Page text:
A year ago, when I was deciding where to go to college, I was told to think about the usual things: location, class size and availability of my major. While all of these things are important, there are some things that are important at a college that I did not think about, but rather stumbled upon during my first semester at California State University Northridge.
If you aren’t planning on living in the dorms, you should. I firmly believe that everyone should live in the dorms (In fact, some schools actually require students to live on campus; CSUN is not one of them.) Commuters miss out on a lot of stuff. Most of the people I talk to live on campus, because it’s so much easier to hang out with people who live two minutes away. Commuters go to class and come home. That’s it. People who live in dorms go to class, hang out with friends, have some fun then crash in their dorms for a couple hours. I know people who are commuters and enjoy being commuters. Personally, I don’t know why or how they do it.
But if you are living in the dorms, there are so things you should know before you accept. Take a tour of where you are staying. Some schools may have rooms that are spacious, others make a cardboard box look like a palace. Get familiar with where you will be living for nine months, because you don’t want to be living in a school with 10 bathroom stalls for a hundred girls. At least, I don’t want to. Some schools (like where I’m living) have apartment-style dorms. A bathroom, a kitchen, a living room and two bedrooms for four girls. That’s what you want to stay in.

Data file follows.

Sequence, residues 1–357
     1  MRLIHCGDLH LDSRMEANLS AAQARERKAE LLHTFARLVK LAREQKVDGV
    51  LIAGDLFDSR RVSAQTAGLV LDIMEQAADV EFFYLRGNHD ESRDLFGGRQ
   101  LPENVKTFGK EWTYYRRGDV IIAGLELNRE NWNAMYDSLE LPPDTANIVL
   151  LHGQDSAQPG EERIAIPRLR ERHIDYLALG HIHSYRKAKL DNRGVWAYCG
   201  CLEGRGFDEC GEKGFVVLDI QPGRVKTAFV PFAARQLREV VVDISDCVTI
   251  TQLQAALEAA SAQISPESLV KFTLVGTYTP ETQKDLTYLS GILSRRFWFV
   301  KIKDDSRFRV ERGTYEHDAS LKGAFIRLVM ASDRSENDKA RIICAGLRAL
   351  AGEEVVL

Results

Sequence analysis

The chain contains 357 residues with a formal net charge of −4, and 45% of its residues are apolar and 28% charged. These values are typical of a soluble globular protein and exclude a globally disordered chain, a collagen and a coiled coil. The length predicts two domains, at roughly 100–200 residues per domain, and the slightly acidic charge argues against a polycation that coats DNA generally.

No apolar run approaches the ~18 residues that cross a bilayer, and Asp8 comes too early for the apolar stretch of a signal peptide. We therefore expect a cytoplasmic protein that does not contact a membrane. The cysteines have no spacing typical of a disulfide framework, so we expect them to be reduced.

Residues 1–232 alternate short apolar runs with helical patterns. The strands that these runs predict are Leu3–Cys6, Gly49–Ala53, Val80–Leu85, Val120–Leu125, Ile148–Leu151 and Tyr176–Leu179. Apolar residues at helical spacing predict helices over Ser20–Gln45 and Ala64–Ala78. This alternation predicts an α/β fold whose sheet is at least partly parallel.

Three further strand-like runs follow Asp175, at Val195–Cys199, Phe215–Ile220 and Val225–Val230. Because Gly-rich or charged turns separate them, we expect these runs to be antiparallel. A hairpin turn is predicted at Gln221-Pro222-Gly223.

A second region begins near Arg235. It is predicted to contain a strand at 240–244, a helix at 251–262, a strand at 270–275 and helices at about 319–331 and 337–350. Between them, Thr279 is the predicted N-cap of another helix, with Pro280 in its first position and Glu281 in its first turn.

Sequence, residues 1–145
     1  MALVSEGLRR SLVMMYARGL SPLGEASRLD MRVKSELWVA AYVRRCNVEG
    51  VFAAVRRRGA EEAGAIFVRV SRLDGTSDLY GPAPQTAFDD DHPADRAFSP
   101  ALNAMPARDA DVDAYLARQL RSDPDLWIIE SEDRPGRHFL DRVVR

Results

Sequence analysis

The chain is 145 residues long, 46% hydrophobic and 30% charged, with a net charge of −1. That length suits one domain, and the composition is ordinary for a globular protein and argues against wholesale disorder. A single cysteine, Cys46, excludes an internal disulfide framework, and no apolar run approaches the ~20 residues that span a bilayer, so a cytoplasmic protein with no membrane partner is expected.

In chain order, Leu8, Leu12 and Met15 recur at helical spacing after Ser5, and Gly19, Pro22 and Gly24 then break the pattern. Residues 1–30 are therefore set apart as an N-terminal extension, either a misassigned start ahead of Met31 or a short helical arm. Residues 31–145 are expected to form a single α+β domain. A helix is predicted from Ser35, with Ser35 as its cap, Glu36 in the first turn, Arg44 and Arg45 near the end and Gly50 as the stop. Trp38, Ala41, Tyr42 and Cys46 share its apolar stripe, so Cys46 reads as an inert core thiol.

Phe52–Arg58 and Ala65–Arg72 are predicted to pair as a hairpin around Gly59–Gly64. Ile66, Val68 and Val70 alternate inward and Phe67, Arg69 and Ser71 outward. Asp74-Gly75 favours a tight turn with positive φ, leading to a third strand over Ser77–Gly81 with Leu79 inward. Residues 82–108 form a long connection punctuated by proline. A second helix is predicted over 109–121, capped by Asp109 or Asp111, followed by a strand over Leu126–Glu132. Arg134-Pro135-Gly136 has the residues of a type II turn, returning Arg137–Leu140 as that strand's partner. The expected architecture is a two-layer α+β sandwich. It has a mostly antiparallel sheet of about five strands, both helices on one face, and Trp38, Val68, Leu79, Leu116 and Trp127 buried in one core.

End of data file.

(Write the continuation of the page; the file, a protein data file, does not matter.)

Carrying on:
Some school push or even require a meal plan. I don’t have one, but I’ve tried the food. Please, if you are getting the meal plan, try the food first and remember you will be eating that (for the most part) three times everyday.
I’m dyslexic and when I was applying, I didn’t even think about what the Center of Disabilities was like. If you are dyslexic or have any kind of learning disability, look at the Center of Disabilities before choosing a college. In high school, many of my teachers did not respect my disability and refused to offer proper accommodations. At CSUN, they make it mandatory for professors to respect disabilities. They offer private rooms, free note-takers, priority registration, extra time on tests and more for kids with disabilities.
I love driving. In fact, I can’t live without my car. I drive all the time, racking up around a hundred miles a week. If you are like me, choose a college where you can have a car as a freshman. Some schools won’t let freshmen have cars. If you need a car, don’t pick that school.
Think about clubs. In high school, I didn’t really worry about clubs. In college, clubs really help. I am a part of one club that really kept me sane throughout the first semester. When I was lost my first week of school, they took me in and treated me like family. A lot of schools have a club-day event before you have to accept going there. Attend this and find some clubs that work for you. They help and it’s a good way to meet people.
Don’t think about what everyone else says. If I did, I wouldn’t be at CSUN, even though it’s where I belong. Choose a school that’s right for you, not your parents or friends or teachers.
Picking a college is scary, but a little exciting at the same time. It requires some research to figure out which school is right for you, but if you pick the right one, you will be happy.Powered by Sidelines